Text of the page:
1/25/2013 at 3:32 AM
Good morning! If you take an idea from someone and make it your own, you are only doing what copywriters have done for a century.
So don't copy directly, use the inspiration. Imagine someone enjoying the results of what the make-up set does for them and write it down. If you're stuck for imaginings, look at J Peterman and think "aha! I can describe what she feels when ... " or somesuch.
In this case "copy" isn't ... well ... copying! I really hadn't tied those two concepts together ... so don't copy someone else's writing. Write your own copy that is inspired by what they say.
Have fun! When you get into it, this sort of thing is inspiring. M xxxx
1/25/2013 at 6:45 AM
i am taking on board what your advising ms M. xx
1/25/2013 at 6:55 AM
could you point out please which pages need the most work on? I understand if you are to busy. thank you. ms M xx
1/25/2013 at 8:34 AM
Irene, all your pages need work. When you have a website such as yours, it is your visitors who are the judges. It is they who tell you all this. Because they are always changing means your website needs to change with them. As it grows, your ideas will come with it.
Look at the paths they take through your website, find out where they come from. What are your most popular pages?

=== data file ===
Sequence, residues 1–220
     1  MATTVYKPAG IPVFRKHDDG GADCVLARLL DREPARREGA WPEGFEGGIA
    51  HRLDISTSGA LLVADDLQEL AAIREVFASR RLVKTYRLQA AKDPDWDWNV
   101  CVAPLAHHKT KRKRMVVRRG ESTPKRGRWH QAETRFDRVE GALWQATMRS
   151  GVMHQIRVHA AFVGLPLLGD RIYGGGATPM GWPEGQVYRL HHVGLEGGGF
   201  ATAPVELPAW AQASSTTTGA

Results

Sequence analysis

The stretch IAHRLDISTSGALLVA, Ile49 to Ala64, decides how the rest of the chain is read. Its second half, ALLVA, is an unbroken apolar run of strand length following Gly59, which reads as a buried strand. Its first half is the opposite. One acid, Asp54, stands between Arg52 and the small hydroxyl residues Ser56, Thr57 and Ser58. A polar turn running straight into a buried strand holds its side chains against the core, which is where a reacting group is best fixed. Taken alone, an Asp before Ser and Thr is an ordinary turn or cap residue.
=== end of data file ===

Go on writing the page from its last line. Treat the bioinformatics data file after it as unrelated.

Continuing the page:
Okay, if you want to start at the other end, which pages are those that inspire you to write about them today? If they are written about in the J Peterman style, this will take some really hard work. It will pay off, and it really should be for your most popular pages. So start with three pages and your front page.
Have a welcome message that really encourages them to read through to the end and click!!
For your pages you need a format that is Story part1 - details about the object being offered (which you can intertwine in the story if you like) - Story part2 which includes the encouragement to buy it and a "add to shopping cart" symbol.
So take a Peterman story at random and re-write it about your product. Change the colours, nouns, whatever so that it doesn't infringe their copyright. The story after all, is a story that anybody can tell. The story is the essence here. Use the story in your own setting!
Oh, and today my website is getting its make-over, so I'm not that busy save that Brian has a cold and the washing needs doing. That and looking at houses in Leipzig (which he is doing, and annoying me at the same time!).
1/25/2013 at 9:35 AM
thank you xx
1/25/2013 at 10:33 AM
Keep us updated! xxxxx
BACK TO TOP
Post a Comment
Bye-Bye to These 10 Web Design Trends
by Scott Donald
Five Incredibly Specific Tactics for Writing Enchanting Copy
by Sonja Jobson
Four Online Marketing Metrics That Actually Matter
by Larry Kim
The Six Key Players on Your Content Marketing Team
by Sandra Gudat
These Six Stupid Marketing Metrics Need to Die
by Larry Kim
See more marketing articles »
MarketingProfs uses single
sign-on with Facebook, Twitter, Google and others to make subscribing and signing in easier for you. That's it, and nothing more! Rest assured that
provide your social data to 3rd parties
contact friends on your network
post messages on your behalf
interact with your social accounts
Your data is secure with